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Keiki stayed on too long

This is a discussion on Keiki stayed on too long within the **NOT IN BLOOM** All Genera forums, part of the Orchid Photography category; Originally Posted by Gin I have used a styrofoam cup clipped to a stake with ...

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  1. #21
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    Quote Originally Posted by Gin
    I have used a styrofoam cup clipped to a stake with Spag in it not a lot and loose and put the brats roots in it . Gin
    thats a great idea, gin! im gonna try that with a phal pallens that i got as a keiki a few months ago which now has a keiki of its own...i understand that this species is prone to this behavior.

    babies having babies (wasnt that an episode of jerry springer? or geraldo? or jenny jones?)

  2. #22
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    Babies all grown up having babies and *still* relying on Mom, even more so than when they were tots.

    Dang freeloaders. Can't tug 'em away from the nipple.

  3. #23
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    Got that right Louis, the only way I know of to ditch them is to pull a Houdini lol . I also use the styro. cups for ones that are tiny seedlings can cut it up when moving them to a larger container . the shallow Tupper ware ones found at yard sales usually free . easy to put holes in the sides ect . with a sodering iron . Just a bit of trivia . Gin

  4. #24
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    Default Final Chapter

    Well, our little experiment here has come to a close, in a very interesting way, I think.

    When all of the keiki's flowers had opened, the plant became too heavy for the spike to bear, and the weight of all that dropped the keiki down to the level of the grow bench. The interesting part is that now, the keiki's roots were placed at the same level as that of the mother plant, and the inflorescence supporting it all this time got pinched shut at the base where it bent, literally cutting off all of its nutrient supply.

    This can't strictly be called a "mechanism," but I don't think it was coincidence, either. The structure of the inflorescence was just strong enough to support the keiki while it still needed support, but not strong enough to support it afterwards. The keiki, upon reaching sexual maturity, was dropped to a level where its roots would come into contact with the same substrate (assuming the plant wasn't potted) the mother plant was growing on, and at the same time, the pinched spike prevented it from sucking any further energy from its mother, forcing it to get along on its own.

    Pretty cool, I think.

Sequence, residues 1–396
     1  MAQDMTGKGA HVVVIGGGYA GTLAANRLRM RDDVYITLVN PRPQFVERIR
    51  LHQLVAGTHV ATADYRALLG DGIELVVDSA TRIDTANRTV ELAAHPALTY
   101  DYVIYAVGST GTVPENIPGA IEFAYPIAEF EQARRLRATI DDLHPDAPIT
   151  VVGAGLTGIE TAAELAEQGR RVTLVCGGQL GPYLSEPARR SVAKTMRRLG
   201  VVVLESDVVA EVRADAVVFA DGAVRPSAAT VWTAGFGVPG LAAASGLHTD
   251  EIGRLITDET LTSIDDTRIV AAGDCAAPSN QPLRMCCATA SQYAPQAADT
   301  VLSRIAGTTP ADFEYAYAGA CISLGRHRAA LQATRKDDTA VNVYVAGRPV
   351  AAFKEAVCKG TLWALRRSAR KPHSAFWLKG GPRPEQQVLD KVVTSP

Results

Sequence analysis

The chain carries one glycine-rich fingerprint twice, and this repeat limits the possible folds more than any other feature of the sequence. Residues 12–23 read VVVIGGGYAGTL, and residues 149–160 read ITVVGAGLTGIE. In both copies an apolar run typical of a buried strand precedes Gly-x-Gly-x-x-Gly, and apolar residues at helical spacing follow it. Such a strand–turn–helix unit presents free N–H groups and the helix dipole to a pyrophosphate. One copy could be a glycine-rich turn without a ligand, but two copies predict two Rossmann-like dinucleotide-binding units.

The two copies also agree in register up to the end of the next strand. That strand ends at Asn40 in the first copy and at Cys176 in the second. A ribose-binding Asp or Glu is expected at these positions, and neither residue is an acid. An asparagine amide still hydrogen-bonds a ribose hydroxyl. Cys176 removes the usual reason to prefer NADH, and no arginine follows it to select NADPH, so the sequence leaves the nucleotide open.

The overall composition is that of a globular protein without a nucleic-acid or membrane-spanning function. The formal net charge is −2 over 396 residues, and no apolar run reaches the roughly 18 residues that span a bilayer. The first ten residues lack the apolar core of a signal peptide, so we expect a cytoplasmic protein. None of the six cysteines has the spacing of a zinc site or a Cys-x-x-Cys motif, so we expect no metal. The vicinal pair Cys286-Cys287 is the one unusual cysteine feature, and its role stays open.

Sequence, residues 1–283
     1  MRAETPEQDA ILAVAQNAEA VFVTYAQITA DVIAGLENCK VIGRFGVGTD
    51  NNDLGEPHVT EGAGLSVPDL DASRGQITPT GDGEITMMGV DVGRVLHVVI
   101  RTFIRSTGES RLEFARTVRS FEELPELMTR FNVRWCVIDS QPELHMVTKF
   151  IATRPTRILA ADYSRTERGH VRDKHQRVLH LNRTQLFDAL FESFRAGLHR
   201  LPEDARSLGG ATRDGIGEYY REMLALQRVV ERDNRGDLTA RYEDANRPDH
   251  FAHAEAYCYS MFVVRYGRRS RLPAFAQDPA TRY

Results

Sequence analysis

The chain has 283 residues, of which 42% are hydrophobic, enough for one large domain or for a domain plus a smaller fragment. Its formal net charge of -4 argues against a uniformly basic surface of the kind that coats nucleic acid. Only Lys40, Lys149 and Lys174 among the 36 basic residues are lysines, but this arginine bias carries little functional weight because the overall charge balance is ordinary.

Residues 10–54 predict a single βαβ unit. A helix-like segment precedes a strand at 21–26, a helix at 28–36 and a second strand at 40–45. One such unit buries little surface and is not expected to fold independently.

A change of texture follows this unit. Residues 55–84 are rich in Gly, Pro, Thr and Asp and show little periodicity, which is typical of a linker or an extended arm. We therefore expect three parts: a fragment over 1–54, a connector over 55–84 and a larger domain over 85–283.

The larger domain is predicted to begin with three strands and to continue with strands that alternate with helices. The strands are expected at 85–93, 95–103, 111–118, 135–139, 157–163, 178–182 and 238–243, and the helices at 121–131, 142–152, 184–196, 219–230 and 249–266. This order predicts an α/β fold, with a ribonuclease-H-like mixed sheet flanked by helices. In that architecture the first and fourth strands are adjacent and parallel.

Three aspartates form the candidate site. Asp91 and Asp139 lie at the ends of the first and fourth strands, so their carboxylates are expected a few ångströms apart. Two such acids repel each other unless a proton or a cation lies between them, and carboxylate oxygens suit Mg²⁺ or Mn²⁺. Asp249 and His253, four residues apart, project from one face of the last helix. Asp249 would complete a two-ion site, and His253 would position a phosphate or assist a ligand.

At any rate, I cut off the keiki, cut off its spikes, and cut off the other spikes mom was putting out. Both plants can now get along with the business of growing themselves back to vigor again instead of reproducing.

  5. #25
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    That is Interesting Louis , I think there is a lesson to be learned regarding human free loading kids lolol . Keep us posted on them , growth ect . Gin

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    Got the theory, Louis, but the momma doesn't look much worse now than in your original photo.

    That might change quickly as all of those buds bloom out, however.

    Where are you willing to go with this experiment? Would seem a shame to kill off mom after her valiant efforts to save her child...

    Julie

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    The damned tree structure in the posts is killing me...I thought I'd read all the recent posts and missed your other recent updates.

    Oh well...I'm a spastic forum member. Just treat me like a forum time traveler. I never know where I am chronologically!

    Julie

  8. #28
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    Julie, change your view options in your UserCP from threaded or hybrid mode to linear mode, oldest or newest first, whichever you prefer. I tried threaded mode like you have it set on, and all I ever got was confused.... Much easier to read linearly, and you don't miss stuff since it's not buried in any kind of a tree.

  9. #29
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    Hi Louis,


    I found these photos and the whole thread fascinating. For the sake of the mother plant, I'm glad the keiki is now on its own.

    BTW, you stated: "and I would expect a more blotchy yellowing of everything if mineral deficiency was the issue."
    You're correct that some nutrient deficiencies will cause blotching, but it's not always the case. Magnesium (Mg) deficiency is an exception. Classic Mg deficiency is very much like this. As you may be aware, Mg is a very mobile element in plant tissue. If the plant doesn't have enough to go around, it sucks the Mg up to the actively growing area (i.e. meristem) and the oldest leaves get that yellowy look. (By contrast, iron is not mobile in plant tissue so the leaves nearest the meristem develop chlorosis.) If the mother plant continues to look a bit the worse for wear, give it some epsom salts! (They won't hurt even if it's *not* Mg deficiency.) I've noticed many fertilizers--even ones that supply many of the micronutrients--do not have Mg.

    Cheers,

    Rob

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